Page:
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New stop light on Sheridan gets go ahead

Evanston aldermen Monday voted to move ahead with plans for a new traffic signal on Sheridan Road at the entrance to the Northwestern University parking lot south of Garrett Place.

They directed City Manager Wally Bobkiewicz to work out details of plans for the signal with NU — including payment for the project by the university.

Evanston aldermen Monday voted to move ahead with plans for a new traffic signal on Sheridan Road at the entrance to the Northwestern University parking lot south of Garrett Place.

They directed City Manager Wally Bobkiewicz to work out details of plans for the signal with NU — including payment for the project by the university.

Alderman Judy Fiske, 1st Ward, who has opposed the signal because of concerns among some neighbors that it would lead to increased traffic on side streets, managed to persuade aldermen to ask Bobkiewicz to gather information from the university about long-range plans for "how vehicles are going to flow in this area."

The university’s 60-year plan for campus development includes a proposal for building an 800 car underground parking garage on the open parking lot, but university officials have said it’s likely to be many years before that is built.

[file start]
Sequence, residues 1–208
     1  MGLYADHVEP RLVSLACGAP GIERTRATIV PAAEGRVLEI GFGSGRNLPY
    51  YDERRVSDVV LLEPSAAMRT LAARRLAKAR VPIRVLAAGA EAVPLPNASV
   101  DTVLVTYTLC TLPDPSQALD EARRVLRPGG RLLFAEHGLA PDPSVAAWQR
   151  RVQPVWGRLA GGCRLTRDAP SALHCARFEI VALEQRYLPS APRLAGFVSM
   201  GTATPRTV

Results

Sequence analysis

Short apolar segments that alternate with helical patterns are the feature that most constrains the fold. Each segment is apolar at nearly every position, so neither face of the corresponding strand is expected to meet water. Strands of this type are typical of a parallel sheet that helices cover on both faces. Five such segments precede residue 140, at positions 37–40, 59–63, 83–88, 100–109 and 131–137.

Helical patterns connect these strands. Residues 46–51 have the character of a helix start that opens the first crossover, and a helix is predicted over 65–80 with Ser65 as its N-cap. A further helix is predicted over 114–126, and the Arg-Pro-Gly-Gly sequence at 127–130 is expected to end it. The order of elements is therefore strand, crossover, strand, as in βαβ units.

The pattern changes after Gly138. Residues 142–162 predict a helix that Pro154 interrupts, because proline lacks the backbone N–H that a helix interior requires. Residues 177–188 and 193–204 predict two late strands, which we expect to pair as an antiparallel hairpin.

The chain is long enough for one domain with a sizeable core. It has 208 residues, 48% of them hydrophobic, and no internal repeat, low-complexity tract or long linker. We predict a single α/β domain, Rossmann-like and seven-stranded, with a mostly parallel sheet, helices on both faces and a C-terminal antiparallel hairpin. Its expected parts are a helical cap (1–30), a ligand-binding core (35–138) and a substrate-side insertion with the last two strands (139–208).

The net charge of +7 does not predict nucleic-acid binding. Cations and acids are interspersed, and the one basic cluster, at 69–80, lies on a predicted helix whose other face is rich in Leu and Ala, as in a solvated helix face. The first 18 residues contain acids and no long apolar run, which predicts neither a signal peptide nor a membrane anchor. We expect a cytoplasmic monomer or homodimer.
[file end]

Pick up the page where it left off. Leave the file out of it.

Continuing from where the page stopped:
Although the city’s engineering staff conducted traffic studies to document the need for a signal at the intersection, resident Bob Atkins of 2005 Orrington Ave., said the city should require an independent study paid for by the university to justify the signal.

To do anything less, Atkins said, would only foster the idea that "what Northwestern wants, Northwestern gets."

But NU sophomore Ethan Merel said crossing the parking lot entrance on foot is the most dangerous part of his daily commute on campus.

"It’s chaotic and cars are often darting in between small groups of students whenever there’s a minor break," he said.

Carl Bova, of 1323 Rosalee St., said he favored moving forward with the talks, but believes the best location for the signal is at Garrett Place.

But the city’s transportation director, Paul Schneider, said officials of Garrett Theological Seminary, which has a long-term lease from NU for land east of that intersection, have said they’re not interested in having traffic from the university’s parking lot routed through what amounts to their front yard.

Alderman Ann Rainey, 8th Ward, said she favored going with the recommendation of the city’s experts. "I tried to get my degree in traffic engineering, but didn’t get it," Rainey joked.

Schneider said that the best way to address the many conflicts between vehicle, bicycle and pedestrian traffic at the parking lot intersection was to add a new signal there.

Suzette Robinson, the city’s director of public works, noted that assuming the talks with the university about the signal are successfully concluded, the plan will still have to come back to the City Council for approval of an ordinace to actually approve installing the light.

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